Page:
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Palestinian Pick-Up Lines

Humor, especially dark humor, is a culturally acquired taste – especially in a war zone. The hashtag #PalestinianPickUpLines has recently been trending on Twitter, garnering tens of additions in the past few days.

These proposals, sometimes warm and funny, other times angry and political, reflect the reality of life in Palestine and the Palestinian diaspora.

British-born Firas Nabil, who identifies himself as “Palestinian at heart,” offers several romanticisms, including:

Jordanian Sara Amro contributes:

Mufeed Okal of Nablus, Palestine, puts forth an impassioned plea:

And Israeli journalist and pro-Palestinian activist Mairav Zonszein quips:

Blogger Woman Unveiled writes that this humorous trend provides a sense of relief from the hardships of daily life.

“I am the type of person who believes that the way to move forward on the Palestinian-Israeli conflict is to focus on the current issues without letting past events hold back progress… As Palestinians continue to face hardships and an infringement on their most basic human rights, one trend on Twitter sheds light on how humor can help ease some of this pain… The pick-up lines definitely garner laughs in a way that also brings to light the different ways Israel’s actions, often illegal under international law, disrupt the daily lives of Palestinians.”

It is a weakness of Twitter themes that despite being salient at the moment, it is difficult to trace their origins and development. Likewise, little information is available about this trend, which reflects others before it, like the March emergence of the same tag, and previous ones like the July 2011 hashtag #SiegePickUpLines.

Egyptian blogger Mosa'ab Elshamy, along with his friend identified on Twitter as WelshInGaza (no longer available) declares himself responsible for #SiegePickUpLines. He explains that the two conceived the idea after a conversation about humor in the face of life in Gaza.

“Arabs usually face their misery with humor. It was a question which arose from pure curiosity and was fascinating when others (many Palestinians included) joined in the collective ridiculing of the illegal Gaza siege and the daily hardship people face in the, ahem, strip. As tweets flew, more people seemed not to limit the jokes on the siege, power cuts, tunnels and, ahem, rockets but other situations like the flotilla, UN resolutions, two-state solution and US politicians.

Elshamy includes among his favorite tweets:

“Baby, you must be from PalestFINE.”
“I’d never leave you (even if I could).”
“We may not have human rights, but baby, we have human needs…”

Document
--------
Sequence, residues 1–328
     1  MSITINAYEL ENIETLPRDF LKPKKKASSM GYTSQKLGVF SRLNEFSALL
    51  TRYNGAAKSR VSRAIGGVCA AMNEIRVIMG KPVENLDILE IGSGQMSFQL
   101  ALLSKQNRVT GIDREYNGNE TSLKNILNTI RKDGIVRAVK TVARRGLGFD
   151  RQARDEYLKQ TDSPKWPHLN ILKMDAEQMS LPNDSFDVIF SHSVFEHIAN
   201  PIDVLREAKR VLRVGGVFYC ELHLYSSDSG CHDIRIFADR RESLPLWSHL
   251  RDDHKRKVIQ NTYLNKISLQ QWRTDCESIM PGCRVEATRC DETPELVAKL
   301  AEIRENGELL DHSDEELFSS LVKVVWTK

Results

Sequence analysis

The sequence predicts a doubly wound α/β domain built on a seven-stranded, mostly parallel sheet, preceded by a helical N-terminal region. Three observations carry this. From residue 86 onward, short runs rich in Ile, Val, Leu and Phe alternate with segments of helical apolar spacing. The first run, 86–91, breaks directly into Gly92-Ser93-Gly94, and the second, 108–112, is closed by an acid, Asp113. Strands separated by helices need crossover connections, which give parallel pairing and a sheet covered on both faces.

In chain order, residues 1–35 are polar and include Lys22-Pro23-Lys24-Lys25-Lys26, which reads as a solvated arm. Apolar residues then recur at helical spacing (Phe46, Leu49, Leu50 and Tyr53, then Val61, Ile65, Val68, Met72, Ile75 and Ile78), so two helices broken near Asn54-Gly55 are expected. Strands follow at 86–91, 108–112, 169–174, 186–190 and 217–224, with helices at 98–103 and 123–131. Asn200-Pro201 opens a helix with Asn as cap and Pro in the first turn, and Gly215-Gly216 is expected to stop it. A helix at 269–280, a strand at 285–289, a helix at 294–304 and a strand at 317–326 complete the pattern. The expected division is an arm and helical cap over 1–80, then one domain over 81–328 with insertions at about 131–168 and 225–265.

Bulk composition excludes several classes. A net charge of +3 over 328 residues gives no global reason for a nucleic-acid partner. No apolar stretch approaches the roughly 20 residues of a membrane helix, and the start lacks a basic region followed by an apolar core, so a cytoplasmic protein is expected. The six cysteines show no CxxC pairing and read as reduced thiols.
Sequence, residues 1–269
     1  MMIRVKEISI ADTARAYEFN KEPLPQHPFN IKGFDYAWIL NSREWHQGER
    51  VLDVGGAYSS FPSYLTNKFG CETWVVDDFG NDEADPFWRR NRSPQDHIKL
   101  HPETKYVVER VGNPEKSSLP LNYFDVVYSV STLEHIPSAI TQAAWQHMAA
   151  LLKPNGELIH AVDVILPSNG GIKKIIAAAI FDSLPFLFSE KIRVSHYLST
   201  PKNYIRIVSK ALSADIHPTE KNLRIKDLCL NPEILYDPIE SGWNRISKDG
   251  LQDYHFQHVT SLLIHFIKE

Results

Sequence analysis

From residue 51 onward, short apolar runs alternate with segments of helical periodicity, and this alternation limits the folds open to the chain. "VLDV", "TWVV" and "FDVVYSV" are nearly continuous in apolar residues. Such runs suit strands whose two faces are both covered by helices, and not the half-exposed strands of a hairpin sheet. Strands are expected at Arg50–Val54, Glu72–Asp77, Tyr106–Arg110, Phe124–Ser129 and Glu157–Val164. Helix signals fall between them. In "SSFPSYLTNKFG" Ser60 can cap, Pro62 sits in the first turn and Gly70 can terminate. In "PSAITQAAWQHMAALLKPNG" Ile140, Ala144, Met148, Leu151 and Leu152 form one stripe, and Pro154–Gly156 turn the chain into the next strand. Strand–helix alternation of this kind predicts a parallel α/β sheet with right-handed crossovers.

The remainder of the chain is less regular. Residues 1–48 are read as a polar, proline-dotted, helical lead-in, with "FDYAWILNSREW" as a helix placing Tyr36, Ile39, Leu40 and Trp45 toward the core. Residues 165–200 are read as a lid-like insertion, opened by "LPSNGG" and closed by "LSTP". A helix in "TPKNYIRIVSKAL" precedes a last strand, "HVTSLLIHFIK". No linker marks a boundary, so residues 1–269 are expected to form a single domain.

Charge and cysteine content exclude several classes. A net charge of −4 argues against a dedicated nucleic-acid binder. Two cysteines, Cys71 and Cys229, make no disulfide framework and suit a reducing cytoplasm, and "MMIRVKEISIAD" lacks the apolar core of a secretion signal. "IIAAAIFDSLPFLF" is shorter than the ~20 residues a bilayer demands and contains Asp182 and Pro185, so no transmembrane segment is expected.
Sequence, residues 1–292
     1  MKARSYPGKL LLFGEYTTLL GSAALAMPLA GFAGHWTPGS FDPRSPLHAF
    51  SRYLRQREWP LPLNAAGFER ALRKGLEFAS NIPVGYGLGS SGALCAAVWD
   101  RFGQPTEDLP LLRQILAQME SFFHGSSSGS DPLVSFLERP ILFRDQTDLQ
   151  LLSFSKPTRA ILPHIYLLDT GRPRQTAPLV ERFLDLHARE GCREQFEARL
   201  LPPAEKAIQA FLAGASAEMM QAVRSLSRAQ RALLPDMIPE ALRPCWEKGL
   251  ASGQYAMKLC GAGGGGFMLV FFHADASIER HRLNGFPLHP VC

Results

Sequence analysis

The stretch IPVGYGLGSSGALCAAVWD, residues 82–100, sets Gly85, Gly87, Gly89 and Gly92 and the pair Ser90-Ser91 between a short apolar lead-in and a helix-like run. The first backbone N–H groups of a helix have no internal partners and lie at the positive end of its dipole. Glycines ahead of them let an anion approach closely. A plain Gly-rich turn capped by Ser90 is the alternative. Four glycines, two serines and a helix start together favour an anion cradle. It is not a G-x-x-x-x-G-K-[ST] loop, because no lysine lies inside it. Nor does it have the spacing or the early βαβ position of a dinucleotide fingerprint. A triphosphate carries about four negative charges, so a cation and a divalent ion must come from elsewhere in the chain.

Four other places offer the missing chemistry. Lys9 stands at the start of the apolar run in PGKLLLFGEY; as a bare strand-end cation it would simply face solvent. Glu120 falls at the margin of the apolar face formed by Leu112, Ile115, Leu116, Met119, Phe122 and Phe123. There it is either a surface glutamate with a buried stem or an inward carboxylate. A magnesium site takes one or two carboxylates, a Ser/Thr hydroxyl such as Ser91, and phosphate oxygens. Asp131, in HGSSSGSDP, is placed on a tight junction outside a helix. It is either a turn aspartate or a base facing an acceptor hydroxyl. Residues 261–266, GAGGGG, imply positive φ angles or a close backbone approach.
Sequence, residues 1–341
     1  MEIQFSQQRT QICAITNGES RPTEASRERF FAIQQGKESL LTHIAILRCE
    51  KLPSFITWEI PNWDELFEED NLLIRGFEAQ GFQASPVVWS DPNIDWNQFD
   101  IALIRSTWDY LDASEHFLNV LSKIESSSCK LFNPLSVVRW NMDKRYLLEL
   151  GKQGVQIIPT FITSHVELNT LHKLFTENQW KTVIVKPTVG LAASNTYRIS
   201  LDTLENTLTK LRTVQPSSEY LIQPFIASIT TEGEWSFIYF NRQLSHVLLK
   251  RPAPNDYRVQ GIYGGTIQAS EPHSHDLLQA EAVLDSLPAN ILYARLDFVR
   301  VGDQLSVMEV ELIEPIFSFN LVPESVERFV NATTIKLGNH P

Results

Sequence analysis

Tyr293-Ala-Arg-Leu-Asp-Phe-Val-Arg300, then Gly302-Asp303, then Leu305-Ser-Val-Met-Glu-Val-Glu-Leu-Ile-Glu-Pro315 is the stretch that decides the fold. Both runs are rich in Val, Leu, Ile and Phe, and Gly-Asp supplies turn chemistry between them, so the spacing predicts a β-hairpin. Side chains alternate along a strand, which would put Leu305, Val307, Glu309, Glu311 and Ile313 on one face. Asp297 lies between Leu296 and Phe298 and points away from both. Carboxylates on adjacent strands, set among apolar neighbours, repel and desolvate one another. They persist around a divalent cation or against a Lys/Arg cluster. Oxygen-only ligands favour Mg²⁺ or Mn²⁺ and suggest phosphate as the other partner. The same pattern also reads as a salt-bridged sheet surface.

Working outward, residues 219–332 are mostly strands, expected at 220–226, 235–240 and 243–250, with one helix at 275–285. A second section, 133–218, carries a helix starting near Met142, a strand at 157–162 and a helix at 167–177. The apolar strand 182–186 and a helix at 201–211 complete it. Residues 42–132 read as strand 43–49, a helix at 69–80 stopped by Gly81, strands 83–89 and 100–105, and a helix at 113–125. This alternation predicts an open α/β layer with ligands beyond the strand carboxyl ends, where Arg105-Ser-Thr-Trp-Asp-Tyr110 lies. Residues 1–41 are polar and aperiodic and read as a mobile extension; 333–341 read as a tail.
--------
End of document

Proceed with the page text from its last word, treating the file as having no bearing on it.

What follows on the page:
“Dating me is like being Israel, you’ll never have to apologize for anything, girl.”
“Baby are you a drone? ‘Cause you’ve been buzzing in my head alllll day.”
“They say opposites attract. Will you be the Hamas to my Fateh”
“Baby, let’s get together and make a one state solution.”

Yasmeen El Khoudary, who blogs at Gaza, Out of the Blue (and who is also a Global Voices Online author), adds:

“As a Palestinian from Gaza who believes in the power of sarcastic humor, I loved this. Its the -humane- short jokes and statements that really shed light on the truth, more than any misleading and -often biased- news story.”

If you know more about the history of these two trends, or ones like them, please comment and share.

In the meantime, it seems that in hard times we reach out to each other using humor to commiserate and connect. If you enjoyed reading about #PalestinianPickUpLines and #SiegePickUpLines, #HumorHeals and #ShutdownPickUpLines, from the recent U.S. government shutdown, may also appeal. What others have you come across that make you laugh or appreciate your current situation more? We want to hear from you.

Thumbnail Credit:
- Rusty Stewart on Flickr (Creative Commons License)

Hat tip:
- Jennine Abdul at The Lowercase Arab blog

  • ivonotes

    Maya, any idea if these are widely followed in Israel as well as Palestine? Are these lines originally in English or Arabic? If the former, seems they are intentionally for and by an international audience.

    • Maya Norton

      Dear Ivonotes,

      Good question. Almost all of the tweets are in English. Possibilities about the language of choice might be that they are indeed intended for an international audience, or possibly that there are so many Palestinian activists in the Diaspora that English makes sense as the language of communication. The two go hand in hand.

      I’ve tweeted your question to the hashtag followers and will let you know if anyone responds. https://twitter.com/mayanorton/status/398160904069455872

      Thanks for your thoughts.

      ~ Maya

  • Pingback: ‘Coup Today, Gone Tomorrow’ and Other Hilarious #FakeArabProverbs · Global Voices

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